## Curve Fitting in Python: Understanding the Basics

When it comes to data analysis, curve fitting is an important tool that can be used to model and analyze datasets. Curve fitting is the process of finding a function or equation that best fits a given dataset.

This can be done using Python, which is an open-source programming language that is ideal for data analysis and scientific computing. In this article, we will explore curve fitting in Python, including its purpose, methods, and using sample datasets.

## Purpose of Curve Fitting

The primary purpose of curve fitting is to find a function or equation that best describes the relationship between two variables in a dataset. This relationship can be linear or nonlinear, and the function or equation that best fits the data can be used to make predictions or gain insight into the underlying process that generated the data.

## Two Methods for Curve Fitting

### 1. Least Square Method

The least square method is an optimization technique that minimizes the sum of the squared differences between the actual and predicted values.

### 2. Maximum Likelihood Estimation

Maximum likelihood estimation, on the other hand, involves finding the parameters of a probability distribution that maximize the likelihood of observing the given data.

## Sample Datasets and Code Snippets

To better understand curve fitting in Python, let’s take a look at some sample datasets and code snippets. We will be using Python’s SciPy library, which provides a `curve_fit()`

function that can be used for curve fitting.

First, we need to import the necessary libraries:

```
import numpy as np
from scipy.optimize import curve_fit
import matplotlib.pyplot as plt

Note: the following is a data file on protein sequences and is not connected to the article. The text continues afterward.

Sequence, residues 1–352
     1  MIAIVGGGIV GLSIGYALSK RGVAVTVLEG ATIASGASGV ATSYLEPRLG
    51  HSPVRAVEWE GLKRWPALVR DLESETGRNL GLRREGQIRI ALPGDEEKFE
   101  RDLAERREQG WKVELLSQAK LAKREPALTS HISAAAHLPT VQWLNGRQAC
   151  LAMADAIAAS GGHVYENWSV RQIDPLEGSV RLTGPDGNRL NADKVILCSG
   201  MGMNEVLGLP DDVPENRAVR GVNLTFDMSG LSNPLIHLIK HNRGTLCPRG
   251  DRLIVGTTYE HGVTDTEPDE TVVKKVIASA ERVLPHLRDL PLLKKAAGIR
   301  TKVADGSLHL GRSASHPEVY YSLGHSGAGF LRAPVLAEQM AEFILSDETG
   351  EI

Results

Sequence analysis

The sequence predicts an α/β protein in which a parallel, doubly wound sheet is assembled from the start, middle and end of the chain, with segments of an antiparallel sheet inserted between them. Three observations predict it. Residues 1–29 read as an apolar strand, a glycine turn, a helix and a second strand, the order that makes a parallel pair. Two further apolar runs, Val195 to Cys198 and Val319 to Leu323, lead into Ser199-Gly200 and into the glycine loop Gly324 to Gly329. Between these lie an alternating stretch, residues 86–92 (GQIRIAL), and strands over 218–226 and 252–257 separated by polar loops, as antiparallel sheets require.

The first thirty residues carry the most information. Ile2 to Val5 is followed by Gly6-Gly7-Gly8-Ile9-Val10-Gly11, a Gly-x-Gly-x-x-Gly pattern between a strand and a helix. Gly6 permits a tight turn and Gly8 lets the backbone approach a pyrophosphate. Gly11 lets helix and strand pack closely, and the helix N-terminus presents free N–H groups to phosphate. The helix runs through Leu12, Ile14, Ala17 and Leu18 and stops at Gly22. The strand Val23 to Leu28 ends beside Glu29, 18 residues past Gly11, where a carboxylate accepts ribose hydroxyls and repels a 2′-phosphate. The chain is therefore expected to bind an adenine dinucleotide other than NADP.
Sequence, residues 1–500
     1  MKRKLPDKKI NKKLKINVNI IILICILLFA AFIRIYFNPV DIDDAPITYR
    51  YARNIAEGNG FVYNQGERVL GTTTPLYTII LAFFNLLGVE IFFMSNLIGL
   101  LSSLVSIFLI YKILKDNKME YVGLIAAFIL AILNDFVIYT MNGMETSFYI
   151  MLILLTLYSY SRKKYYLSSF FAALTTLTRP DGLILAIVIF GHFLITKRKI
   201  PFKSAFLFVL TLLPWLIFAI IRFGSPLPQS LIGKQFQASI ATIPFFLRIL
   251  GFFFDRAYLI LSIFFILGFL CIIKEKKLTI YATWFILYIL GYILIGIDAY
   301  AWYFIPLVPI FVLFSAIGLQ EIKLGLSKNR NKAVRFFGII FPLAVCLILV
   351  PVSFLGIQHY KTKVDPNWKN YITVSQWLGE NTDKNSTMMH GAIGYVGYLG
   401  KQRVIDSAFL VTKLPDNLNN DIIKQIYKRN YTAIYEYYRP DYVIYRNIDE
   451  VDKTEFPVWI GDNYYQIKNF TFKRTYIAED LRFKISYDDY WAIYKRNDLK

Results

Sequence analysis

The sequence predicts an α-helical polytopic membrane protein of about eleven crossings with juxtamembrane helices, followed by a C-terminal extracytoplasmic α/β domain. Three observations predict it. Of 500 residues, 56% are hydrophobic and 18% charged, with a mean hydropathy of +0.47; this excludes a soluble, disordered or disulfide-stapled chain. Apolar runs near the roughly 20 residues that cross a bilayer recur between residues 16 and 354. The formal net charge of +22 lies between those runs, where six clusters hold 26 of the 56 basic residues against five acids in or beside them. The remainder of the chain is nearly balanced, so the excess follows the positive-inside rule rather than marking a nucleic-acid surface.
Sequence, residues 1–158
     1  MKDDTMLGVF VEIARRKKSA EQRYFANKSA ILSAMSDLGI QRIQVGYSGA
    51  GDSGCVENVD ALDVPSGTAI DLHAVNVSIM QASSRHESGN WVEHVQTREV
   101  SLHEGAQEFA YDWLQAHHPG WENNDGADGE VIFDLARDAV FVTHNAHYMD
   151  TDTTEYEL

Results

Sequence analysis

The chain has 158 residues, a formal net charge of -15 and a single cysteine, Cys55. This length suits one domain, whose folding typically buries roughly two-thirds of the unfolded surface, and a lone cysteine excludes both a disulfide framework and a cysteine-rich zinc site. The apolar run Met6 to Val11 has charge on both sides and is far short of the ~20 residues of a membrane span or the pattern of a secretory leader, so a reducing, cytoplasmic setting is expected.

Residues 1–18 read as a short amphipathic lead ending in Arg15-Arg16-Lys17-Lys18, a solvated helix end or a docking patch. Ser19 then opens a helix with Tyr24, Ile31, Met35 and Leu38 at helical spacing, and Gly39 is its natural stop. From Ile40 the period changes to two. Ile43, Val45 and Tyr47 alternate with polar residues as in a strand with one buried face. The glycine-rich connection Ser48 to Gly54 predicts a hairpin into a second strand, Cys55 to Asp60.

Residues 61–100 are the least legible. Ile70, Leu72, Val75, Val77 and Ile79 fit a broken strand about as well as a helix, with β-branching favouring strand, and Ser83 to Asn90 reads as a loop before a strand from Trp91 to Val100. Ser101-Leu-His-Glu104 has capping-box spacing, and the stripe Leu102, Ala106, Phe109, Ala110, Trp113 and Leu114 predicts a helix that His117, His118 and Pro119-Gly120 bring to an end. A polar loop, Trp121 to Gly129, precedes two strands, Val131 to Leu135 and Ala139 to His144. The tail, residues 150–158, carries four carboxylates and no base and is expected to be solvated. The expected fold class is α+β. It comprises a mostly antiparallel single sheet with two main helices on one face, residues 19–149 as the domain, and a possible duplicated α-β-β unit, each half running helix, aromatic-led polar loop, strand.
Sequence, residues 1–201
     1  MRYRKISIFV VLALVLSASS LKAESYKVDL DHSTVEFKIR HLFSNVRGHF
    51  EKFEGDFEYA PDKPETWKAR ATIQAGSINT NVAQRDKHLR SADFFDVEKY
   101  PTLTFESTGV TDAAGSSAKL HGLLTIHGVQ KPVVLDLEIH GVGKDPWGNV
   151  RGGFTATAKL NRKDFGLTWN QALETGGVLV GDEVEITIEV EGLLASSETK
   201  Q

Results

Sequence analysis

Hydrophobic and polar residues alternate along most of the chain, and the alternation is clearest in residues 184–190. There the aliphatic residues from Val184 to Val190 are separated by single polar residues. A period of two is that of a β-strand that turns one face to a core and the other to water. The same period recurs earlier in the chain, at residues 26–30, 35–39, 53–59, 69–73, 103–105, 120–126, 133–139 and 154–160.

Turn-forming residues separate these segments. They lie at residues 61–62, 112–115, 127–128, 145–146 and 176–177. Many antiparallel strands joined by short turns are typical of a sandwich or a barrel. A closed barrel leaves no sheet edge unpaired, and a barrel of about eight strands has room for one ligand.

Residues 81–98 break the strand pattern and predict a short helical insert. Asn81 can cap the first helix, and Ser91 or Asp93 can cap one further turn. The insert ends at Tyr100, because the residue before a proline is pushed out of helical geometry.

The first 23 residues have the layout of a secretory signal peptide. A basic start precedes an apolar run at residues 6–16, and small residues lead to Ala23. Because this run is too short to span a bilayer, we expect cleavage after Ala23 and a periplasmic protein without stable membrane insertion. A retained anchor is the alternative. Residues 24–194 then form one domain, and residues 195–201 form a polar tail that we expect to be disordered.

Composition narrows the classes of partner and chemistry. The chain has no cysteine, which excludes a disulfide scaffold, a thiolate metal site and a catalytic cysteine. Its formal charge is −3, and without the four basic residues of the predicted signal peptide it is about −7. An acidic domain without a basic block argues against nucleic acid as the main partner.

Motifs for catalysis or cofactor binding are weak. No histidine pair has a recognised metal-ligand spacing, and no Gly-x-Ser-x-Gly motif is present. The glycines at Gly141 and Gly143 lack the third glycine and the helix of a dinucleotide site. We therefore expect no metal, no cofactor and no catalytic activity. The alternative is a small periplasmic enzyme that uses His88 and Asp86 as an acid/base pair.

```

### Now we can create some sample data to work with:

```
x_data = np.linspace(-5, 5, num=50)
y_data = 2.5 * np.sin(2 * np.pi * 0.75 * x_data) + 1.5 * np.sin(2 * np.pi * 1.25 * x_data) + np.random.normal(size=50)
```

In this example, we have created a dataset of 50 points that are generated from a combination of two sine waves with some random noise added. Using the `curve_fit()`

function, we can fit a model to the data:

```
def model_f(x, a, b, c):
return a * np.sin(b * x) + c
popt, pcov = curve_fit(model_f, x_data, y_data)
```

In this example, we have defined a function called `model_f()`

that takes three parameters: `a`

, `b`

, and `c`

. We then pass this function along with the `x`

and `y`

data to the `curve_fit()`

function. The output of the `curve_fit()`

function is two variables: `popt`

and `pcov`

.

The `popt`

variable contains the optimized values of the parameters `a`

, `b`

, and `c`

, while `pcov`

contains the estimated covariance matrix.

## Least Square Method

Now let’s take a closer look at the least square method. The least square method is an optimization technique that aims to minimize the sum of the squared differences between the actual and predicted values.

It works by finding the values of the parameters that minimize this square difference. The minimizing function is given by:

```
i (f(x_i, z) - y_i) ** 2
```

where `i`

is the index of the data point, `f(x_i, z)`

is the model predicted value, `y_i`

is the actual value, and `z`

is the parameter we want to optimize.

Once we have obtained the optimized value, we can also estimate the errors on the parameters using the covariance matrix:

```
errors = np.sqrt(np.diag(pcov))
```

## Example 1 Code Snippet

Let’s take a look at an example of curve fitting using the least square method. We will start by creating some sample data:

```
x_data = np.linspace(-10, 10, 100)
y_data = 5 * x_data ** 3 + 2 * x_data ** 2 - 10 * x_data + 5 + np.random.normal(scale=100, size=100)
```

In this example, we have generated 100 points that follow a third-degree polynomial function with some random noise added.

### We can define a function that represents this polynomial:

```
def model_f(x, a, b, c, d):
return a * x ** 3 + b * x ** 2 + c * x + d
```

Now we can pass this function, along with the `x`

and `y`

data, to the `curve_fit()`

function:

```
popt, pcov = curve_fit(model_f, x_data, y_data)
```

The `popt`

variable will contain the optimized values of the parameters `a`

, `b`

, `c`

, and `d`

, while `pcov`

will contain the estimated covariance matrix. We can now use these optimized values to plot the model function along with the original data:

```
x_model = np.linspace(-10, 10, 1000)
y_model = model_f(x_model, *popt)
plt.plot(x_data, y_data, 'o')
plt.plot(x_model, y_model, '-')
plt.show()
```

This will generate a plot that shows the original data in circles, and the fitted curve in a solid line.